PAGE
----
Canada should implement single-payer pharmacare plan, expert panel says
The Canadian Press
Published Wednesday, June 12, 2019 11:13AM EDT
An expert panel is calling for the federal government to work with the provinces and territories to create a single-payer national pharmacare plan to cover every Canadian.
Eric Hoskins, Ontario's former health minister, released the findings in Ottawa, giving advice on how to address the country's patchwork of private and public prescription-drug plans.
Canada has a variety of drug plans administered by provinces, mainly for children, seniors and people on social assistance.
Other plans managed by the federal government cover other groups, such as Indigenous people and members of the military, while private insurance fills the gaps for some.
Hoskins' council is recommending a new drug agency that would be responsible for developing a national list of prescription drugs, known as a formulary, beginning with common or so-called essential medicines by Jan. 1, 2022.
It also recommends that the initial formulary expand to a "fully comprehensive formulary" no later than Jan. 1, 2027.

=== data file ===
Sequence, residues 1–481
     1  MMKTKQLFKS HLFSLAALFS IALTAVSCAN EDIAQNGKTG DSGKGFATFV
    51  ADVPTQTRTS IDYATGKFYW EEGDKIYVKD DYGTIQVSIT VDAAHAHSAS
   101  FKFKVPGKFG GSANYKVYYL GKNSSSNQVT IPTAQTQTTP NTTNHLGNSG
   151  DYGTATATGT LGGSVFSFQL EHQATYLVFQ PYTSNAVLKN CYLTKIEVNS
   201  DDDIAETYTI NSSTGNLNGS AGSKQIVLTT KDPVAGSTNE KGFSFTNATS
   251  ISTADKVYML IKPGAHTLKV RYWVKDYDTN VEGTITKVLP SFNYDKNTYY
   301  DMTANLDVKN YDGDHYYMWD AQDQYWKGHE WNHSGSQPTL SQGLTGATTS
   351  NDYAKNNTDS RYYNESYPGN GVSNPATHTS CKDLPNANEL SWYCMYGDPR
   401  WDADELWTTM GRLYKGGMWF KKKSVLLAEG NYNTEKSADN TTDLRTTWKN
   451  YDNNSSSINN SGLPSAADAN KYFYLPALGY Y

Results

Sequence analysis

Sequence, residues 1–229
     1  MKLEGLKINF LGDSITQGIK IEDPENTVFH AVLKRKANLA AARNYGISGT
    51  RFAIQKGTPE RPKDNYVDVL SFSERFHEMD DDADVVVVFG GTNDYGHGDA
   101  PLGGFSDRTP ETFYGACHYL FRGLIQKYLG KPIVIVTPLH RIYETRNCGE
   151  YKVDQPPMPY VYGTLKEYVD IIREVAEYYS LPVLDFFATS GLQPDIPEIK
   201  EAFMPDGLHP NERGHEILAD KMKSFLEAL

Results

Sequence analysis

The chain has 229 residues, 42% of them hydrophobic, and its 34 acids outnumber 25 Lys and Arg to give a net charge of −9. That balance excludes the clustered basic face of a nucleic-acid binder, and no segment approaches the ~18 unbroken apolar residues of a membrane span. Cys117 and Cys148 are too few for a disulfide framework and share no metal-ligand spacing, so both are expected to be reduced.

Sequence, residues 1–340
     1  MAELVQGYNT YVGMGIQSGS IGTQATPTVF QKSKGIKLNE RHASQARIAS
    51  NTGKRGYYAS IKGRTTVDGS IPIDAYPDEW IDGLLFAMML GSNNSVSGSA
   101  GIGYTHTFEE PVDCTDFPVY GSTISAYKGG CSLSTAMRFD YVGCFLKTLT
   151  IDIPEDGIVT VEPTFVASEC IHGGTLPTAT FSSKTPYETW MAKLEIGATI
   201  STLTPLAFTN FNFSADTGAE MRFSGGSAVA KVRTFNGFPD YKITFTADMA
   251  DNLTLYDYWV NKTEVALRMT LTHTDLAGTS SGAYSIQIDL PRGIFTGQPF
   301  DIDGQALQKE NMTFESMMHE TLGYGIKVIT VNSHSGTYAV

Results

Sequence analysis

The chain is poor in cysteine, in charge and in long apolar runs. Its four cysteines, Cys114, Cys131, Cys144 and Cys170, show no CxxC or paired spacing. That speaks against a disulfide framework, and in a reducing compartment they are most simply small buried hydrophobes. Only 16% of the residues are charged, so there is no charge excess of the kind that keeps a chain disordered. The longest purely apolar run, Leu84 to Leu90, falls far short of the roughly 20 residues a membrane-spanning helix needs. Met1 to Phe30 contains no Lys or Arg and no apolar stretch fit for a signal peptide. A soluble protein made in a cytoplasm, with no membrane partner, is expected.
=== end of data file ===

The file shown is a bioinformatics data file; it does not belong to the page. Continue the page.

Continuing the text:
"Our council has heard the stories of thousands of Canadians and listened to a wide range of perspectives," Hoskins said in the report, entitled "A Prescription for Canada: Achieving Pharmacare for All."
"The time for universal, single-payer, public pharmacare has come ... Let's complete the unfinished business of universal health care. That can be our promise, and our legacy, to each other and to all future generations."
The council says universal, single-payer public pharmacare will provide access to prescription medications for all Canadians, including an estimated one in five Canadians who are either uninsured or underinsured.
The plan, once implemented, will result in an estimated $5 billion in savings, the council said, adding that savings for Canadians will be on average $350 per year.
In its last budget, the Liberal government pledged to create a new agency to buy drugs in bulk and cut Canadian medication costs as the first step toward a national drug plan.